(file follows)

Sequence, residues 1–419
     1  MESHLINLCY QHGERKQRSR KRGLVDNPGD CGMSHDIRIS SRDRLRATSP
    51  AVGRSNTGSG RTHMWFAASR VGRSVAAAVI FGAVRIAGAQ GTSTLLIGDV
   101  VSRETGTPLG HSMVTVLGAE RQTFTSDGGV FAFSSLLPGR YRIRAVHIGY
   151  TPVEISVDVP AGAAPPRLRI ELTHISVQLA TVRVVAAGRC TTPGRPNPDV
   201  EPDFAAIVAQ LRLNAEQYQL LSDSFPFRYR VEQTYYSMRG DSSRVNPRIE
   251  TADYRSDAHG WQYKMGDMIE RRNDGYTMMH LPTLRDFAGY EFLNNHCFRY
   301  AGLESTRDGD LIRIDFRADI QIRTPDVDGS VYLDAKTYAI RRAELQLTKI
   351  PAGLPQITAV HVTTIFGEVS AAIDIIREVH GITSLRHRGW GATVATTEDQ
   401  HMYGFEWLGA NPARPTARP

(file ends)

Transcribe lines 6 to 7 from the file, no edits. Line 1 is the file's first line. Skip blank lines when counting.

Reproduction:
   201  EPDFAAIVAQ LRLNAEQYQL LSDSFPFRYR VEQTYYSMRG DSSRVNPRIE
   251  TADYRSDAHG WQYKMGDMIE RRNDGYTMMH LPTLRDFAGY EFLNNHCFRY